Ultimately, it was estimated that NV-HAP accounted for 7.3% (95% CI, 7.1%-7.5%) of all hospital deaths (total hospital population inpatient death risk of 1.87% with NV-HAP events included vs 1.73% with NV-HAP events excluded; risk ratio, 0.927; 95% CI, 0.925-0.929). Most instances of NV-HAP affected patients who were defined as clinically vulnerable; the median age of patients with NV-HAP was 69 years.

Most patients with NV-HAP events had multiple serious comorbidities, and one-fourth of NV-HAP events involved patients in intensive care units. To account for confounding by patients’ baseline status and severity of illness, investigators incorporated a rich array of clinical parameters into the analysis. Even after accounting for these factors, outcomes experienced by patients with NV-HAP remained worse than those without NV-HAP.

According to the study authors, high incidence and mortality rate associated with NV-HAP suggests it is an important hospital complication, warranting the development and testing of prevention programs.

“While there has been substantial work to date on defining best practices to prevent ventilator-associated pneumonia, there is very little consensus on how best to prevent NV-HAP,” study authors wrote. “Potential strategies include enhanced oral care, mobilizing patients, minimizing the use of acid suppressants, and applying dysphagia precautions.”

In this study, the investigators used manual medical record reviews or diagnosis codes to identify NV-HAP, which the study authors noted may be a potential source of bias due to variability criteria and diagnosis codes between hospitals and clinicians. The authors suggest that automated analyses of electronic clinical data may provide more consistent and efficient means to measure NV-HAP incidence and track the impact of prevention programs.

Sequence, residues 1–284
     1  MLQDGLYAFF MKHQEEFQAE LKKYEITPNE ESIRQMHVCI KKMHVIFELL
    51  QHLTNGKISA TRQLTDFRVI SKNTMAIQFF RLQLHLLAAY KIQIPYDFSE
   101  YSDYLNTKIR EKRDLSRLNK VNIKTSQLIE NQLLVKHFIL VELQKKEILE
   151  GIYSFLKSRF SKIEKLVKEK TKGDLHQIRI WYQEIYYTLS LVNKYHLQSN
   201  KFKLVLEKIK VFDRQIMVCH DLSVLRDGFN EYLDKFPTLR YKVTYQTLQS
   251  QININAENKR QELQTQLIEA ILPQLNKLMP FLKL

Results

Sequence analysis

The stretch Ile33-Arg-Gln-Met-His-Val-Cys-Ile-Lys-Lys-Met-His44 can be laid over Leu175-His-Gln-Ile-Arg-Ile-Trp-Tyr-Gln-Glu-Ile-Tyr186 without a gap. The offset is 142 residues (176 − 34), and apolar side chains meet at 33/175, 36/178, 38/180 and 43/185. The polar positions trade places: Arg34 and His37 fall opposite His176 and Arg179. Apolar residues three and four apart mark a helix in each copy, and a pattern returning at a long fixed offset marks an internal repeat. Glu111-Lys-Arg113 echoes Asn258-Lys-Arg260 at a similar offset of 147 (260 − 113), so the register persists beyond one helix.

Overall, the findings of this study underscore the importance of developing and validating robust measurement tools to monitor NV-HAP incidence and the need to identify effective prevention strategies and assess the impact of prevention initiatives on patient and hospital-level outcomes, according to the study authors.


Jones BE, Sarvet AL, Ying J, et al. Incidence and Outcomes of Non–Ventilator-Associated Hospital-Acquired Pneumonia in 284 US Hospitals Using Electronic Surveillance Criteria. JAMA Netw Open. 2023;6(5):e2314185. doi:10.1001/jamanetworkopen.2023.14185

Related Videos
pharmacy oncology, Image Credit: © Konstantin Yuganov -
Mayo Clinic oncology pharmacy
Testicular cancer and prostate cancer concept. | Image Credit: kenchiro168 -
Medicine tablets on counting tray with counting spatula at pharmacy | Image Credit: sutlafk -
Capsules medicine and white medicine bottles on table | Image Credit: Satawat -
Human cell or Embryonic stem cell microscope background | Image Credit: Anusorn -
Concept of health care, pharmaceutical business, drug prices, pharmacy, medicine and economics | Image Credit: Oleg -
Bottle and scattered pills on color background, top view | Image Credit: New Africa -
pharmacy | Image Credit: Diego Cervo -
© 2024 MJH Life Sciences

All rights reserved.